The Authoritarian Public Sphere: Legitimation and Autocratic Power in North Korea, Burma, and China (Abstract & Introduction)
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|Title:||The Authoritarian Public Sphere: Legitimation and Autocratic Power in North Korea, Burma, and China (Abstract & Introduction)||Authors:||Dukalskis, Alexander||Permanent link:||http://hdl.handle.net/10197/9722||Date:||Feb-2017||Online since:||2019-03-28T08:50:25Z||Abstract:||Autocracies craft and disseminate reasons, stories, and explanations for why they are entitled to rule. To shield those justifications from criticism, authoritarian regimes also censor information that they find threatening. While committed opponents of the government may be violently repressed, this book is about how the authoritarian state keeps the majority of its people quiescent by manipulating the ways in which they talk and think about politics. It argues that the legitimating messages of an authoritarian regime situated within a circumscribed public sphere limit political discussion, channel political imagination, and narrow public discourse to inhibit the formation of political alternatives. An authoritarian public sphere therefore augments the power of autocratic regimes. Yet no regime, regardless of its power, can completely stifle every criticism that citizens have and therefore relatively autonomous spaces furnish potential opportunities for people to transform private complaints into collective challenges to the regime's ruling ideology. This book evaluates these arguments in contemporary North Korea, Burma (also called Myanmar), and China. It explains how the authoritarian public sphere shapes political discourse in each context and examines three domains for potential subversion of autocratic ideologies: the shadow markets of North Korea, networks of independent journalists in Burma/Myanmar, and the online sphere in China. In addition to making a theoretical contribution to the study of authoritarianism, this book draws upon unique empirical data. From 2011 to 2016 the author conducted fieldwork in the region, including semi-structured interviews with North Korean defectors in South Korea, Burmese exiles in Thailand, and Burmese in Myanmar who stayed in the country during the military government, as well as an academic trip to North Korea and several visits to China. When analyzed alongside state-produced media, speeches, and legislation, interview evidence allows for a rich understanding of how ideologies influence everyday discussions about politics in the authoritarian public sphere.||Type of material:||Book||Publisher:||Routledge||Copyright (published version):||2017 Routledge||Keywords:||Autocratic power; Authoritarian regimes; Censorship; Criticism; North Korea; Burma (Myanmar); China; Autocratic ideologies; Authoritarian public sphere||Language:||en||Status of Item:||Peer reviewed||Is part of:||Dukalskis, A. The Authoritarian Public Sphere: Legitimation and Autocratic Power in North Korea, Burma, and China||ISBN:||978-1138210356||This item is made available under a Creative Commons License:||https://creativecommons.org/licenses/by-nc-nd/3.0/ie/|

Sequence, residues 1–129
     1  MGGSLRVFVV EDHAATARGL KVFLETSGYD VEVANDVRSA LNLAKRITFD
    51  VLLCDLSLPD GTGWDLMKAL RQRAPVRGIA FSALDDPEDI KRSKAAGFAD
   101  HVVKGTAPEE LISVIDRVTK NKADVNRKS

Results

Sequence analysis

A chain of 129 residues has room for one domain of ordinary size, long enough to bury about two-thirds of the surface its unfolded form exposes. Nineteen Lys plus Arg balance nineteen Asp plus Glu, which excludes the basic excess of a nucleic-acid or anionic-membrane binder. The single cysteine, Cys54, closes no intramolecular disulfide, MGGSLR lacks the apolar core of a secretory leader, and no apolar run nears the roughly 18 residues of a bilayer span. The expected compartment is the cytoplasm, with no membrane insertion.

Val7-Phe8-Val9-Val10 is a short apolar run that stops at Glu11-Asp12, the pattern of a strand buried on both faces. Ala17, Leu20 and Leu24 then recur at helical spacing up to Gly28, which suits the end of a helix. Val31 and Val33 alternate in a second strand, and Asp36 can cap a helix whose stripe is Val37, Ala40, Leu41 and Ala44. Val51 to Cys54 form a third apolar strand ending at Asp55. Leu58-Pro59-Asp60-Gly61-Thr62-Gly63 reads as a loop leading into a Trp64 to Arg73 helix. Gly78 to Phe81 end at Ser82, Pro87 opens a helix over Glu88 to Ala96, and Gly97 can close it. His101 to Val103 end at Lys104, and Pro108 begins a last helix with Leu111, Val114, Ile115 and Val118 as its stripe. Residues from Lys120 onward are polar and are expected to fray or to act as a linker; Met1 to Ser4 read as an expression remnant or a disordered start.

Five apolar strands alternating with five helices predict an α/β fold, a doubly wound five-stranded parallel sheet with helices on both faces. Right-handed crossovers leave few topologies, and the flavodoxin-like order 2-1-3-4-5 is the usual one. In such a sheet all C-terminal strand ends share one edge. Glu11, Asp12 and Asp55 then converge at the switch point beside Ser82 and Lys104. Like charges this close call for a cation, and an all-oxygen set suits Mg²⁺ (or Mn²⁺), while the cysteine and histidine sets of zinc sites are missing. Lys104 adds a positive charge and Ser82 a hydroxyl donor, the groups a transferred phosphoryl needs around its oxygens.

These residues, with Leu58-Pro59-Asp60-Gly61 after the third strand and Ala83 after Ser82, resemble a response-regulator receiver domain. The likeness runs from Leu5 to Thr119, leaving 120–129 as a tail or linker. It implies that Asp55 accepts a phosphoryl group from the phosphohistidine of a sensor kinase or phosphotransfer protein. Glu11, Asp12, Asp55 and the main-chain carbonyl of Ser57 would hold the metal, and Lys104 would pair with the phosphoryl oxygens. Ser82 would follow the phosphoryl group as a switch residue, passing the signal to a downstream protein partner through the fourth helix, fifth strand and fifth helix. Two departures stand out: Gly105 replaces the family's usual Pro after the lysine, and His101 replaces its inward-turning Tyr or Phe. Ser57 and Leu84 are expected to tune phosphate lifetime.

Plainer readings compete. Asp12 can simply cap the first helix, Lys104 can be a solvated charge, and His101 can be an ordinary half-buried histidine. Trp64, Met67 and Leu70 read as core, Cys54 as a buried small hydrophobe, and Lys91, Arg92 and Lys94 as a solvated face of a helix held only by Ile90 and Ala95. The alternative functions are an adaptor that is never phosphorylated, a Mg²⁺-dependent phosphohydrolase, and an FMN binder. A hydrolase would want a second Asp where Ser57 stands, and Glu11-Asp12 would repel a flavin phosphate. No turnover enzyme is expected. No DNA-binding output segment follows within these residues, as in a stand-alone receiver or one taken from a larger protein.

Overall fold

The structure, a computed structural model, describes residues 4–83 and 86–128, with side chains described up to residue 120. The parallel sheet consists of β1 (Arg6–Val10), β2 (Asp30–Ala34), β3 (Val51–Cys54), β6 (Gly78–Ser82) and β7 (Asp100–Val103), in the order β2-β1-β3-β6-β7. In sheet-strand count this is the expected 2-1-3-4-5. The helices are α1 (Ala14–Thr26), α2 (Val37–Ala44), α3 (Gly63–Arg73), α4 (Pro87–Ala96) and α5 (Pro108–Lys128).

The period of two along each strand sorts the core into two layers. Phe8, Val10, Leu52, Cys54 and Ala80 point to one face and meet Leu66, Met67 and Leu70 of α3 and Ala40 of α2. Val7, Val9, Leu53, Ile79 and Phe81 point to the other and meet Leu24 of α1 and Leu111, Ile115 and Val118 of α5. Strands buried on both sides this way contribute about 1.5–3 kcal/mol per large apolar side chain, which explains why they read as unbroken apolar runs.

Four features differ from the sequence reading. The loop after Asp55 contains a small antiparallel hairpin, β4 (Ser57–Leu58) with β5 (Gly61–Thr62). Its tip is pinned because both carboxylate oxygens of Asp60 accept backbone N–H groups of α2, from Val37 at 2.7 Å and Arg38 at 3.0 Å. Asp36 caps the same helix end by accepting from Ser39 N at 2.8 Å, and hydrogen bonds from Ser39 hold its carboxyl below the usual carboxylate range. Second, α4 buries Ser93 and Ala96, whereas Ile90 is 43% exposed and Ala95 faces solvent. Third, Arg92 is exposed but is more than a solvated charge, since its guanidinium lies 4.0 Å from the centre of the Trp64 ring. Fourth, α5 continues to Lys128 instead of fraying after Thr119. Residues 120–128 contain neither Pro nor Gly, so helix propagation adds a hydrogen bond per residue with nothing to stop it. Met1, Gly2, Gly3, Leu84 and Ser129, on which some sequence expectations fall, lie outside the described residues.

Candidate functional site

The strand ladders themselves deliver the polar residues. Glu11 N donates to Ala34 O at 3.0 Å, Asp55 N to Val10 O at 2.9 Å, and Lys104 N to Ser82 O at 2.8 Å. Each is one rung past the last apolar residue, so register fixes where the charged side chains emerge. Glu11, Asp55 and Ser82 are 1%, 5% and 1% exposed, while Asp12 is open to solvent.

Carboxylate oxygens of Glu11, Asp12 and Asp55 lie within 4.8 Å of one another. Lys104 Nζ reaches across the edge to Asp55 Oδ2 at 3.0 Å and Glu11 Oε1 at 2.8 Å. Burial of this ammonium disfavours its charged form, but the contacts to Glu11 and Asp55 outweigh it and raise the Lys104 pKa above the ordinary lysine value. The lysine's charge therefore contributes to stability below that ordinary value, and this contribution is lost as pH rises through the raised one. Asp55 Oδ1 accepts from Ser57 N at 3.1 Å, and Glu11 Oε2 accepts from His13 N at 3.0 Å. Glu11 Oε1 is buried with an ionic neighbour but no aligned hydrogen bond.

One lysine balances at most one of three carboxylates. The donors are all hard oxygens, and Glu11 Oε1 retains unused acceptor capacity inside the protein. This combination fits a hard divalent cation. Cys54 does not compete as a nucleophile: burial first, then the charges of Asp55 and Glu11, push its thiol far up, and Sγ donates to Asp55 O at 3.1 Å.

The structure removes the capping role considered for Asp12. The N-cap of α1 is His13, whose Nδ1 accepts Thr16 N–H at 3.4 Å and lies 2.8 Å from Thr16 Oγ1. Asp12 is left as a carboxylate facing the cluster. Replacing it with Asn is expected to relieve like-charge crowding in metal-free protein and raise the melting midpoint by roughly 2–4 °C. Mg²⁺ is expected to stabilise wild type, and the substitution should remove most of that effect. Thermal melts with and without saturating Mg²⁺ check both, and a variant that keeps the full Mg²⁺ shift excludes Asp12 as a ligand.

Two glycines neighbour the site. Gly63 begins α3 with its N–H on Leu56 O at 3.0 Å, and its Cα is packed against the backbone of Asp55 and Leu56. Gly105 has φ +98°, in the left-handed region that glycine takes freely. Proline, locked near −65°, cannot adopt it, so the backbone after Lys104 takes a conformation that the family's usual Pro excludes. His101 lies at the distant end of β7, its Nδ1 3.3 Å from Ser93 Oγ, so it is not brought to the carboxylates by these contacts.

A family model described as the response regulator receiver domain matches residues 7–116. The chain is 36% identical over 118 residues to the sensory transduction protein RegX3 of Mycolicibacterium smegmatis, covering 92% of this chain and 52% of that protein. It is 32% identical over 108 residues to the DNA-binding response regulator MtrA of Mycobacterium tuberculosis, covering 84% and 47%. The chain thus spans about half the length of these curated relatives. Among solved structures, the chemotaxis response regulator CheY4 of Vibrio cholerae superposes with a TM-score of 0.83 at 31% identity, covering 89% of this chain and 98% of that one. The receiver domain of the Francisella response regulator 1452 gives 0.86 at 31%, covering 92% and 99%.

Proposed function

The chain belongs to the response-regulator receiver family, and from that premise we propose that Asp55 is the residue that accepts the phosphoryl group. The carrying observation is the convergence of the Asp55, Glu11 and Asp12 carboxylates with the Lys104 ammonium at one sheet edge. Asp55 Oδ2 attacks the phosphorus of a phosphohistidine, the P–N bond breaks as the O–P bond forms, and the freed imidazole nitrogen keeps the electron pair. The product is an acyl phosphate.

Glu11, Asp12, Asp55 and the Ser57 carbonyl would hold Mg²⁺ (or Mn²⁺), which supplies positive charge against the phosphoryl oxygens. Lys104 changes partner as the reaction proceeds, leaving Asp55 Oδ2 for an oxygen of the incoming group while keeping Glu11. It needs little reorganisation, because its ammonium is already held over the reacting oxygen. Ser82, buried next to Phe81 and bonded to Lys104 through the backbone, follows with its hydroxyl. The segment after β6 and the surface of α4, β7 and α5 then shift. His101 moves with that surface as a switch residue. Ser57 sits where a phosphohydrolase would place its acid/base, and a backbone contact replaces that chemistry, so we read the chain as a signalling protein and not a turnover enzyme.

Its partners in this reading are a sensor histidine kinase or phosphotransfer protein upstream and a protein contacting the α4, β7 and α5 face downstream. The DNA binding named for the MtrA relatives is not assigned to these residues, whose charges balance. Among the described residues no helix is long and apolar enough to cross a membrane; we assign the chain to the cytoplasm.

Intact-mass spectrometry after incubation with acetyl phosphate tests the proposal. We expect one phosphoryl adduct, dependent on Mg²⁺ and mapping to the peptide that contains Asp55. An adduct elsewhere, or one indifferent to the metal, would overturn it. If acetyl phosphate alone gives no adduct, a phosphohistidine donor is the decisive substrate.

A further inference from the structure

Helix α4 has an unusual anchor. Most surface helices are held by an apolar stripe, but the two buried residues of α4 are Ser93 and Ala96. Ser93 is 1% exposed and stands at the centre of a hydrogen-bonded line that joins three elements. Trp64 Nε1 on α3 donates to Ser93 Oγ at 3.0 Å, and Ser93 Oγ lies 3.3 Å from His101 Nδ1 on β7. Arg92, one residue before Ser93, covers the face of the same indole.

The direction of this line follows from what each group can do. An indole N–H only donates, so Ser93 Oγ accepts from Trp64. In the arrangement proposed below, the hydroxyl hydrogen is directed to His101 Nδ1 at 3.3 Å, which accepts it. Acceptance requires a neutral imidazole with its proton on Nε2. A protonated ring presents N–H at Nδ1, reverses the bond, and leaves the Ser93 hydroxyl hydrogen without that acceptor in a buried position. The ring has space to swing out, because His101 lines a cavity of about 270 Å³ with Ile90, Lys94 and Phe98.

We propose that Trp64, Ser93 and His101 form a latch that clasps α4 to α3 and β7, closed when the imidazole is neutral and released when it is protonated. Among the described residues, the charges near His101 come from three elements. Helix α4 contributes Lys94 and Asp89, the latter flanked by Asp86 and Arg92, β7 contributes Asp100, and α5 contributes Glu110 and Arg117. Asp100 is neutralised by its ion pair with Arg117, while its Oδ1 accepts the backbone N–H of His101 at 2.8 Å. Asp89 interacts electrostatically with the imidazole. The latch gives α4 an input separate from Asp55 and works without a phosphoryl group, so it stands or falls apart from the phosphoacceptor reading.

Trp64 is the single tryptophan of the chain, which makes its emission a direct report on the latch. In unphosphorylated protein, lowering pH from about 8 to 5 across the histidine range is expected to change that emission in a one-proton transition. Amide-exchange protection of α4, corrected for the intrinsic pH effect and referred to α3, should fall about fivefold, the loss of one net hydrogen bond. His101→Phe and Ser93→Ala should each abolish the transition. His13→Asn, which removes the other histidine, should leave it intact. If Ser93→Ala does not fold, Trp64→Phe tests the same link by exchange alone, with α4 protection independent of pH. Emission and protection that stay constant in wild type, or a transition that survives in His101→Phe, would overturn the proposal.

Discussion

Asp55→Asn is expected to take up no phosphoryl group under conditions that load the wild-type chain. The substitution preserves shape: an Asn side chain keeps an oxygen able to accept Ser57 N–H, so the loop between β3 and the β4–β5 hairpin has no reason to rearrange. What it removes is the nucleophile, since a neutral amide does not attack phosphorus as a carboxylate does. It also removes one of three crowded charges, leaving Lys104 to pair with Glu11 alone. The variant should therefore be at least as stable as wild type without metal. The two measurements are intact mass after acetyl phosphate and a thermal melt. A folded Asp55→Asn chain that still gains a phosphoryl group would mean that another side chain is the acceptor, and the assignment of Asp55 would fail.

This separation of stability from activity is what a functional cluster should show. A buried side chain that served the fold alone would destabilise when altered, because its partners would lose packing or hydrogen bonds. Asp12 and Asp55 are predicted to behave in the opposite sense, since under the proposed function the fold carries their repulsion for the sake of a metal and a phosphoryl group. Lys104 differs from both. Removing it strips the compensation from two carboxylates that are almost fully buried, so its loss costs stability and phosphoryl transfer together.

|Appears in Collections:||Politics and International Relations Research Collection|
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